Are Stem Cells The Next Frontier For Diabetes Treatment?
Are Stem Cells the Next Frontier for diabetes treatment? Diabetes is a devastating disease that affects millions of people worldwide. The major forms of the disease are type 1 and type 2 diabetes. In type 1 diabetes, the body's immune system aberrantly destroys the insulin-producing beta cells (b-cells) of the pancreas. Type 2 diabetes, the more common form, is characterized both by insulin resistance, a condition in which various tissues in the body no longer respond properly to insulin action, and by subsequent progressive decline in b-cell function to the point that the cells can no longer produce enough additional insulin to overcome the insulin resistance. Researchers are actively exploring cell replacement therapy as a potential strategy to treat type 1 diabetes, because patients with this disease have lost all or nearly all b-cell function. However, if a safe and cost-effective means for replenishing b-cells were developed, such a treatment strategy could also be useful for the larger population with type 2 diabetes. One of the major challenges of cell replacement therapy is the current insufficient supply of b-cells from human organ donors. This article focuses on stem cells as potential sources for deriving new b-cells. Diabetes: A Critical Health Issue for the 21st Century According to the International Diabetes Federation, diabetes currently affects 7% of the world's population nearly 250 million individuals worldwide. 1 This total is expected to rise to 380 million by 2025 as a result of aging populations, changing lifestyles, and a recent worldwide increase in obesity. Although projections for increases in diabetes prevalence suggest that the greatest percentage gains will occur in Asia and South America, 2 , 3 all nations will experience a rising disease Continue reading >>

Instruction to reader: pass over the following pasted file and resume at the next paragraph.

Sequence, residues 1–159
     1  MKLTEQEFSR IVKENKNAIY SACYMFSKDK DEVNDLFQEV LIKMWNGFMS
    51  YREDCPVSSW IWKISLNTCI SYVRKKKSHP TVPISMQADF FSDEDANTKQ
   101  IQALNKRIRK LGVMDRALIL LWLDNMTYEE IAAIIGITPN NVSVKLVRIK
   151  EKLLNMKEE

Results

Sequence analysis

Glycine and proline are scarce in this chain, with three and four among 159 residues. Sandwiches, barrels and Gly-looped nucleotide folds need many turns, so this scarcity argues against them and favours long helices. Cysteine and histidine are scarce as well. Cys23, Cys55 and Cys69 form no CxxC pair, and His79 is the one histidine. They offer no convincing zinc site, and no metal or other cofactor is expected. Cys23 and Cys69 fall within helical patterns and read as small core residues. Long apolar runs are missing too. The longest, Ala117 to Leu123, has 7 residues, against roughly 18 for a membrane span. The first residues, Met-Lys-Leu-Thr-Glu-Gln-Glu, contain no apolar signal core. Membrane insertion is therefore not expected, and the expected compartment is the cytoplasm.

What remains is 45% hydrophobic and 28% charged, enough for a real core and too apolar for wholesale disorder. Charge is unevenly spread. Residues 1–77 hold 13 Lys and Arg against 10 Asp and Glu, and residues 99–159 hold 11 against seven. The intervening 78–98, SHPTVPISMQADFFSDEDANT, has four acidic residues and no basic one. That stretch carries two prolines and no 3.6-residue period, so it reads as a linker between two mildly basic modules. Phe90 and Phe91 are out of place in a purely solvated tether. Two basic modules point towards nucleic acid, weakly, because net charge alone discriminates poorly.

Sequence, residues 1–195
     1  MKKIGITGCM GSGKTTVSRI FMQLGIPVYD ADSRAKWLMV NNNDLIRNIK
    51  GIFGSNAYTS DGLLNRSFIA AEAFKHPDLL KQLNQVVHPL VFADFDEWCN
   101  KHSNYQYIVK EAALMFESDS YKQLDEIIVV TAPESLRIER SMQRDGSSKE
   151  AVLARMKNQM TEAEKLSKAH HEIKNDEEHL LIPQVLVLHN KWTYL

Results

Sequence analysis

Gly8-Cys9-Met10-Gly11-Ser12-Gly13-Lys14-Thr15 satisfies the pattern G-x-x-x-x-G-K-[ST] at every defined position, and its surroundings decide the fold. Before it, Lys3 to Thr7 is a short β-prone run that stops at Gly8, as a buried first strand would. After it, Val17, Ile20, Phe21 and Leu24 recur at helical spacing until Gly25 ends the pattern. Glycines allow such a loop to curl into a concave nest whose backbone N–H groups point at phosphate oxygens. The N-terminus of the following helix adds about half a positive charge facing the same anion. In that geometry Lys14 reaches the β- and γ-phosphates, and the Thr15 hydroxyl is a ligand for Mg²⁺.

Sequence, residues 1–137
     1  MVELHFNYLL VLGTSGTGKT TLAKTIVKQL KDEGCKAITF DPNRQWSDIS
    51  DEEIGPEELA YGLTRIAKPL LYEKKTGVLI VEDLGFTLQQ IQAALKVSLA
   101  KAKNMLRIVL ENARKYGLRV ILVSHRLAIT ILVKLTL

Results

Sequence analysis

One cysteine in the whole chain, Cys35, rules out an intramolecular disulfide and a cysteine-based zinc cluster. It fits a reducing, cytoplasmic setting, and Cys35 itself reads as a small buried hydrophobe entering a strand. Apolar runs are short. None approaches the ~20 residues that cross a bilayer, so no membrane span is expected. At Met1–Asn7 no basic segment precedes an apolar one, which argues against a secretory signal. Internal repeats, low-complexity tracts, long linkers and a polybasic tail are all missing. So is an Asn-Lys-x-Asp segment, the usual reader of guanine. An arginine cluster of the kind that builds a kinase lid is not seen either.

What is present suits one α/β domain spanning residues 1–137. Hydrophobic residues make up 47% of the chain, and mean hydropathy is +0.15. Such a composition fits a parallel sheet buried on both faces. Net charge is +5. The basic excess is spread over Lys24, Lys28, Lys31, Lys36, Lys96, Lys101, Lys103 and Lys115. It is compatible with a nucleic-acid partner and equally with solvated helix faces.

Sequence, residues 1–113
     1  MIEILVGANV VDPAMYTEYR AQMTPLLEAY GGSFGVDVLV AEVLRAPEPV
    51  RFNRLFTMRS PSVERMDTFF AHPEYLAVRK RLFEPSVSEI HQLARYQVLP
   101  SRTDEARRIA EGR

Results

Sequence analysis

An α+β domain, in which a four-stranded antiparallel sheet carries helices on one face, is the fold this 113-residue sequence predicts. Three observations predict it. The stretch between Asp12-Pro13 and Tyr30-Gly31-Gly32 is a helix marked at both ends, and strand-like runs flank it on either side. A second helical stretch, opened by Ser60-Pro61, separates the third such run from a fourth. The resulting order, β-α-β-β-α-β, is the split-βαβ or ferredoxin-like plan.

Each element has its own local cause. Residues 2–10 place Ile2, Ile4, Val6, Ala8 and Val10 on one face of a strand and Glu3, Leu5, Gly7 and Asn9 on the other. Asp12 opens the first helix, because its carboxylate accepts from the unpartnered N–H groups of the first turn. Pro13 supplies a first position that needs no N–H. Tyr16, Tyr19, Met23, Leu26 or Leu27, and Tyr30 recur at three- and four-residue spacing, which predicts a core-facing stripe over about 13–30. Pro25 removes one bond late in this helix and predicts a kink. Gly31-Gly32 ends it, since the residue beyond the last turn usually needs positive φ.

Diabetes | Harvard Stem Cell Institute (hsci)
HOME / RESEARCH / DISEASE PROGRAMS / DIABETES PROGRAM / It stands to reason that only by understanding the root causes of diseases like diabetes can we hope to develop effective therapies. Modern biomedical research is best at finding treatments for diseases that have relatively simple causes and well-understood genetic risk factors. Unfortunately, type 1 diabetes (T1D) has very complex genetics, with many genes each making relatively small, poorly understood contributions to disease risk. Further, there are no animal models that accurately reflect the human disease. Thus, despite the expenditure of hundreds of millions of research dollars, no cures for T1D have been developed. T1D is particularly challenging to study in human patients. By the time a patient is diagnosed with T1D, also known as juvenile diabetes, the destruction of insulin-producing beta cells by the immune system is nearly complete. Because of this, there is no way to discover what it was that led the persons immune system to attack the beta cells in the first place. Even if it were possible to identify future T1D patients before the immune attack on beta cells began, disease onset and progression could not be studied in these individuals due to the inaccessibility of the pancreas where beta cells are found in a living person. Harvard Stem Cell Institute (HSCI) scientists are attempting an ambitious, long-term, and high-risk project to create the first animal model for T1D. Engineered mice will allow researchers to better understand the disease and increase the odds of developing effective therapies. Recent advances in stem cell biology have opened the door to new ways of studying T1D. Specifically, it is now possible to reprogram a skin cell from a T1D patient (or any other person) into a cell that c Continue reading >>
Diabetes | Canadian Stem Cell Foundation